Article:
A variety of factors will influence how much benefit there is for a company to adopt cloud solutions and also the best adoption roadmap for them to take (which also answers if you are ready for the cloud along the way). It is a new and confusing landscape for organisations with many options and factors that can be taken into account or (explicitly) ignored. Decision makers need a blend of business and technology understanding in order to make the right choices. While the decision making process can be complex and requires detailed analysis I’ll lay out what I believe are the main areas that need to be addressed:
Specific standards, such as the use of Linux vs. Windows, or preferred development platforms, need to be re-visited taking into context the cloud where it is abstracted and thus of less importance. Having said that, however, you should still be interested in the basic technical set-up of a cloud solution as it is a long-term investment and picking vendors that will not only survive but regualary release valuable functional upgrades will have significant impact on you as a customer versus the ones that don’t. For instance, you should be intersted in whether to go for a multi-tenant or single-tenant model and make an explicit decision (in my opinion).
Data and security standards (inc. risk assessments)
Along with the above description but worthy of its own bullet is assessment of policies you may have in place for data and security. Potential vendors should be asked for their qualifications and details so you can be satisfied with what encryption is used/ the data access rights of the provider and what audit and control processes are in place. Clearly, business risks must be within acceptable limits and with more detailed analysis of these with possible cloud providers mitigations can be developed. An assessment will be likely to reveal that many of the same risks also exist within your established set-up
Assess your IT organisation model
The type and number of people you need will be impacted when bringing in a cloud solution. Organisations should look at the new skills mix required (e.g. to what level are hardware / DBA skills required within the organization?) and be prepared to re-shape your team to make the most of your investment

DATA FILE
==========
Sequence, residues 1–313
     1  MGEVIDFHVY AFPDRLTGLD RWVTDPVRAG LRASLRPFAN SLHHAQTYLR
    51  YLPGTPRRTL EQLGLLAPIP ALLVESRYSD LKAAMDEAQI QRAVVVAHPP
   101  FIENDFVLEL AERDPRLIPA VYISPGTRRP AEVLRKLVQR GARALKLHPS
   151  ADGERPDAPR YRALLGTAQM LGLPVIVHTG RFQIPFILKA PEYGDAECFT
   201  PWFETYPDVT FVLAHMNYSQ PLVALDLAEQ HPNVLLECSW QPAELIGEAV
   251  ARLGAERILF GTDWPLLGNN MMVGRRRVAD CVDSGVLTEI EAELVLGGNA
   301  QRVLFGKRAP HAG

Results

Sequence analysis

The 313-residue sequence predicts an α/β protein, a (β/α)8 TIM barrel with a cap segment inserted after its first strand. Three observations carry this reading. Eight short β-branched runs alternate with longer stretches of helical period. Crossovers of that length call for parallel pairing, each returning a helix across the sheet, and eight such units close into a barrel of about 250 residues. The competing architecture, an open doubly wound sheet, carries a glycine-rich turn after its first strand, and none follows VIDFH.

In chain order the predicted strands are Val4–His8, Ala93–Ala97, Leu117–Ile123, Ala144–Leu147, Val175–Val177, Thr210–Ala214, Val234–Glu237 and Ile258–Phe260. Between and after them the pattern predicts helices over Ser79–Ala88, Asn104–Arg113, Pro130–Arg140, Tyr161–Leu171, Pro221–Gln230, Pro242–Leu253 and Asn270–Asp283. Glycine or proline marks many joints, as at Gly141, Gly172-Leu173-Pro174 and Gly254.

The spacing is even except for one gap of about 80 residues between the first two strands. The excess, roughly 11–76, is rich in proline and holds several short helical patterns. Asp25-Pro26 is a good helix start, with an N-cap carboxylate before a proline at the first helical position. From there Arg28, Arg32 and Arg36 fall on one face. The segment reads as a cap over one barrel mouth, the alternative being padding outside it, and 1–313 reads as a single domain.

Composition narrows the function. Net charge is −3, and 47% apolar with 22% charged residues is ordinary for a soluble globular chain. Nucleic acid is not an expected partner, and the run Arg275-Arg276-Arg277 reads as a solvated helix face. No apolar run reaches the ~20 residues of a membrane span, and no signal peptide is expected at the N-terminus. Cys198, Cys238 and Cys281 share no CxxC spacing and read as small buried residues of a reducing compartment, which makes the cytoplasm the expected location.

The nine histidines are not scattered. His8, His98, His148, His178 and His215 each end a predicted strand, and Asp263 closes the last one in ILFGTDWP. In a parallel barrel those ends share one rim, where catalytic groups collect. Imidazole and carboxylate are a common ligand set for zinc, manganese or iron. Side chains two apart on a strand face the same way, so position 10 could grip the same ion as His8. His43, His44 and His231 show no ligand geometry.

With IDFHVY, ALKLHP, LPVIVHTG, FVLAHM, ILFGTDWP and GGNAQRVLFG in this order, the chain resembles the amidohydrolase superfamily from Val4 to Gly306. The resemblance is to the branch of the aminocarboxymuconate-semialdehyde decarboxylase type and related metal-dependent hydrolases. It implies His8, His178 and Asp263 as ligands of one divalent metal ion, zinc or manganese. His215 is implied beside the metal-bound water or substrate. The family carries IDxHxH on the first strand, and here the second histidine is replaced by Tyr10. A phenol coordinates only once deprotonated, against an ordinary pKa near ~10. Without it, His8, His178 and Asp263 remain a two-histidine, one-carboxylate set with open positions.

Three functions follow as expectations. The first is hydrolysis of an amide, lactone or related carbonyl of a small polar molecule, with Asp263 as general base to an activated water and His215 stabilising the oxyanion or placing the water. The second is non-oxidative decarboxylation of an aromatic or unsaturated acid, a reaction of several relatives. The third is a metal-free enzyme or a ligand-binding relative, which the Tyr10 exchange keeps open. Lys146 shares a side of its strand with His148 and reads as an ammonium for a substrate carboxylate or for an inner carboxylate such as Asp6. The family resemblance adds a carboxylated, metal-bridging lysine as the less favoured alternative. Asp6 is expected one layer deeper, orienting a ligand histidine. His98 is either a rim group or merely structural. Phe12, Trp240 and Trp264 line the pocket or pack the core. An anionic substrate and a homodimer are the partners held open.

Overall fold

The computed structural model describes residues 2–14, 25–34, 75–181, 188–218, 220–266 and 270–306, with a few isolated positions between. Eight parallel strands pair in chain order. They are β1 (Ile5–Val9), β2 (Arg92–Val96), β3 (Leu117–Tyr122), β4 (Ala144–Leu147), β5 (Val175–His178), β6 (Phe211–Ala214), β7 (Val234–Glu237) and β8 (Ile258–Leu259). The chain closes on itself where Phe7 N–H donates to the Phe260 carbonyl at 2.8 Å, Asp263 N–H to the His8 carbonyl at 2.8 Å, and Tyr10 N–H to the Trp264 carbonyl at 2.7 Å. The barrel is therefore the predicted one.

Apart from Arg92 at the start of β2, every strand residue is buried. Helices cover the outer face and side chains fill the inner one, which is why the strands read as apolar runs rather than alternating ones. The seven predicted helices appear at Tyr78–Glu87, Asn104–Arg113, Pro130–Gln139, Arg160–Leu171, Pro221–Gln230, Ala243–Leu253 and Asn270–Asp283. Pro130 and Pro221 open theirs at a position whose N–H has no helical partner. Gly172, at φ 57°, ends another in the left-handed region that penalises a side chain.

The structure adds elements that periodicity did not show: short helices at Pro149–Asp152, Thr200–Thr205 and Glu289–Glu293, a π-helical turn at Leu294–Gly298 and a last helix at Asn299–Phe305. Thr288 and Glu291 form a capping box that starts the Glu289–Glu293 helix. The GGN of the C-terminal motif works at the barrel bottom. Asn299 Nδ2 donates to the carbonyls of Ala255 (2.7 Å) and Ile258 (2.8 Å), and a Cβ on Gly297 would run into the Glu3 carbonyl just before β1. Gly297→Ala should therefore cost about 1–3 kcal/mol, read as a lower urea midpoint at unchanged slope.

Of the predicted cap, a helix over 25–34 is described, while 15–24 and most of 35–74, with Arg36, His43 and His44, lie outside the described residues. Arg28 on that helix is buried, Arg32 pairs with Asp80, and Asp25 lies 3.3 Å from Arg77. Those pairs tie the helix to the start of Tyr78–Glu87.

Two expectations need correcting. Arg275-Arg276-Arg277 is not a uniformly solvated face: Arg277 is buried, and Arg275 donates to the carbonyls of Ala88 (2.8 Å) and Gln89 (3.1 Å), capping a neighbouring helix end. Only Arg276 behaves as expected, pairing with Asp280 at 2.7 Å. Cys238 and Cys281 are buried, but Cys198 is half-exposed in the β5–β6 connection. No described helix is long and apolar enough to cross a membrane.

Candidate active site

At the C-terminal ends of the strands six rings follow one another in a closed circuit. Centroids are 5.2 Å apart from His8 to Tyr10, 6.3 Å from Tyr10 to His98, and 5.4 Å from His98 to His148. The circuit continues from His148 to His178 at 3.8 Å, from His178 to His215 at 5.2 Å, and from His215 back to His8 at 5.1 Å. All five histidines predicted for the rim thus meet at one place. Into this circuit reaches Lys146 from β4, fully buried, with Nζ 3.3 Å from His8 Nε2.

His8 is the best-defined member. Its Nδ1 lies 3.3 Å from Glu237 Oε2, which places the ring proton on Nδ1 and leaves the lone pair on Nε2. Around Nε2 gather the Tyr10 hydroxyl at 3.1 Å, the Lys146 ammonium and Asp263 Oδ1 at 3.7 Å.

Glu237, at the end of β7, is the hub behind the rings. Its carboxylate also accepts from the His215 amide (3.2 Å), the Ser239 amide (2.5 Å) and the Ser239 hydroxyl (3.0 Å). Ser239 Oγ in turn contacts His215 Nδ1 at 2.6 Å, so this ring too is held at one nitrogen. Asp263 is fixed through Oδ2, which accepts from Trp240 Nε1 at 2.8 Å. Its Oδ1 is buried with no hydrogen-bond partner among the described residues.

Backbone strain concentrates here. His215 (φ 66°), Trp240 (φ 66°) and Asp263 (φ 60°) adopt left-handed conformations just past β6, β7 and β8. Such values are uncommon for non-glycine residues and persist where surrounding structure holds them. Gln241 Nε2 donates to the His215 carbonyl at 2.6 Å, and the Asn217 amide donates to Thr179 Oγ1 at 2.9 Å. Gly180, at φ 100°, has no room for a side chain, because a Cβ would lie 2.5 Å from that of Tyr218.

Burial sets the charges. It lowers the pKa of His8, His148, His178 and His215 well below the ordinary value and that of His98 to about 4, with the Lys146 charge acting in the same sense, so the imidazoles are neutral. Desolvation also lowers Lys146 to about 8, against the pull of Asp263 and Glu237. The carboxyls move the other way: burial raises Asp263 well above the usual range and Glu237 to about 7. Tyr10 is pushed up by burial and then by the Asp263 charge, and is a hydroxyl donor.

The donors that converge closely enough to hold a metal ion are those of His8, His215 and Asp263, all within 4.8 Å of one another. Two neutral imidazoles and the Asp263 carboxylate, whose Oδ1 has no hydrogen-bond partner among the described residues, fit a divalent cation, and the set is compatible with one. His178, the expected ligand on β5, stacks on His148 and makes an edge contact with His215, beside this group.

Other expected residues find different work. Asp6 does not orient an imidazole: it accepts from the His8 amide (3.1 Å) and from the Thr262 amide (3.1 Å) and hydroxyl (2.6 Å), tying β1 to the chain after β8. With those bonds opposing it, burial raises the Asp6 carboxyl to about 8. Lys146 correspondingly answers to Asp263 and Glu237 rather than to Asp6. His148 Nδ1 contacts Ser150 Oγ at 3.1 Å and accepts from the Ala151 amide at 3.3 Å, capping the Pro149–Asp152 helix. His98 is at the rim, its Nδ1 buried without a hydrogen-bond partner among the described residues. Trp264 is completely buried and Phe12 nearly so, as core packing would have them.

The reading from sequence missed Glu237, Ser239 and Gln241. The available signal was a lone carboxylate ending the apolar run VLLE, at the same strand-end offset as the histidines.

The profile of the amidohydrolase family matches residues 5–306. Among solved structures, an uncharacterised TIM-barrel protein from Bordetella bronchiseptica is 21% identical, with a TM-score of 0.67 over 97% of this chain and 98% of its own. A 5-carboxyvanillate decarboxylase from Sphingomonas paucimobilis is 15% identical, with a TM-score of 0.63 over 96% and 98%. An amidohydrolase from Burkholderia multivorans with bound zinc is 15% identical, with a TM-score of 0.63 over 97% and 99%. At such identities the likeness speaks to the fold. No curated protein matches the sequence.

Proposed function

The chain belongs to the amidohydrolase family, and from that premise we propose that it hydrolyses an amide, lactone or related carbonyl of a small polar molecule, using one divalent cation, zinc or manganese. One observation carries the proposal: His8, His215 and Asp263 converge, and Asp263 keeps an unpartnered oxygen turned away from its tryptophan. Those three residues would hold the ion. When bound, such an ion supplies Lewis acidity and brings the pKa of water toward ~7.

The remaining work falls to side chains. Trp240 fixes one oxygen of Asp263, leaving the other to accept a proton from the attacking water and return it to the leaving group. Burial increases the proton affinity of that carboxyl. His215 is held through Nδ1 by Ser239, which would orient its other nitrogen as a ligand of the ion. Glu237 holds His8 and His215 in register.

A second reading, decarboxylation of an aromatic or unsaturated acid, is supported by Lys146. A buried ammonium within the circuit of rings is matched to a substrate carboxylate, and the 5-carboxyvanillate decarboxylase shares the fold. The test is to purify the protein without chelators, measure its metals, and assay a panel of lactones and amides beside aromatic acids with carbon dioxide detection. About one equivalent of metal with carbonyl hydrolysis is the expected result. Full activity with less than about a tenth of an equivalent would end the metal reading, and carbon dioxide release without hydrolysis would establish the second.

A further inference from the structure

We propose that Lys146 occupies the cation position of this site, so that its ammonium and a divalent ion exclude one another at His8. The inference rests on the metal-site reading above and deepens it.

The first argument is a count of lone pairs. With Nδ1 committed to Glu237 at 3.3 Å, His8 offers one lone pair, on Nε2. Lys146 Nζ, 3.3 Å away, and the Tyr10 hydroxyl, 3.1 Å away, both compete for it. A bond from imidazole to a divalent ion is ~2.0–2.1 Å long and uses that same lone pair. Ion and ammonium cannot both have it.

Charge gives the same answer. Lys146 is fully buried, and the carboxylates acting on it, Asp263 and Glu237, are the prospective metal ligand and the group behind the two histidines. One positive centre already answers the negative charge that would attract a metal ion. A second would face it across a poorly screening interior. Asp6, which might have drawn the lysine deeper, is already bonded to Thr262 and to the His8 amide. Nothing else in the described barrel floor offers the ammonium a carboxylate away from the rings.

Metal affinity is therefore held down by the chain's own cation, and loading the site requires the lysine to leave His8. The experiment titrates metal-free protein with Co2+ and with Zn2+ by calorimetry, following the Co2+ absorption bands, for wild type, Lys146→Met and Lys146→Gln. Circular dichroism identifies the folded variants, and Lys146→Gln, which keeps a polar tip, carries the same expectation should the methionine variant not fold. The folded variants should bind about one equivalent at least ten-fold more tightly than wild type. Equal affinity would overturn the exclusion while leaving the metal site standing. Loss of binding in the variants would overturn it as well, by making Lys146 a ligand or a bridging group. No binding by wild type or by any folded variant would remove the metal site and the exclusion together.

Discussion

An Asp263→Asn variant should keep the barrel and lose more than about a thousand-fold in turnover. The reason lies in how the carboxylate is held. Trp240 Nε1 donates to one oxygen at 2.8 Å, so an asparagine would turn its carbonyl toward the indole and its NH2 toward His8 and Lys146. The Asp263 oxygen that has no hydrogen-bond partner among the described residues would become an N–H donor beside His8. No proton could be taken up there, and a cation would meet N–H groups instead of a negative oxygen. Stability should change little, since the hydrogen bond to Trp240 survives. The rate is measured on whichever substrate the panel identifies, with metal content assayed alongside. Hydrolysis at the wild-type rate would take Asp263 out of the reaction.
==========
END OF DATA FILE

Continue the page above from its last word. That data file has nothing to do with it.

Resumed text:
Contracts and payment models
The organisation should ensure that they are comfortable with vendor contracts including the service catalogs, service descriptions and the SLAs offered. The impact of the subscription payment model for cloud vendors should be quantified enabling the affect on cap-ex / op-ex costs to be understood and agreed in principle.
Ensure a suitable delivery approach that drives business improvement
Most organisations have little experience of deploying cloud solutions and should be prepared for the differences during delivery. Your project/programme should adopt a suitable approach that makes the most of the rapid delivery timescales while still ensuring that enough investment / time is allowed for business design / change and cutover.
Deploy an effective support model
Before you know it you will be into a support model situation and this model must support business needs effectively. It should include ongoing reviews of new functionality to keep pace with the continual updates. One challenge to consider is how you will ensure that there is a team available to deploy new functionality / enhancements in a cost effective fashion (usually the original development resources are priced at premium rates and thus not cost-effective for support, but most outsourced support models offered by major SIs are for long-term, significant-sized offshore support teams not so suited to supporting cloud solutions).
Last but not least, the activities of mapping functional requirements / assessing TCO / assessing ROI / vendor viability of course need to be considered as part of deciding what adoption path to take. However, while you do need people that have the right knowledge and experience of cloud offerings, these activities are pretty much the same as always and as with all decisions these should be based upon determining if there is real business benefit. If you hear any different then it’s probably someone adding to the myth and hype. I would be interested to hear from anyone that disagrees.
Time for me to sign-off. I hope this provides a helpful summary of the key areas in the evaluation for now...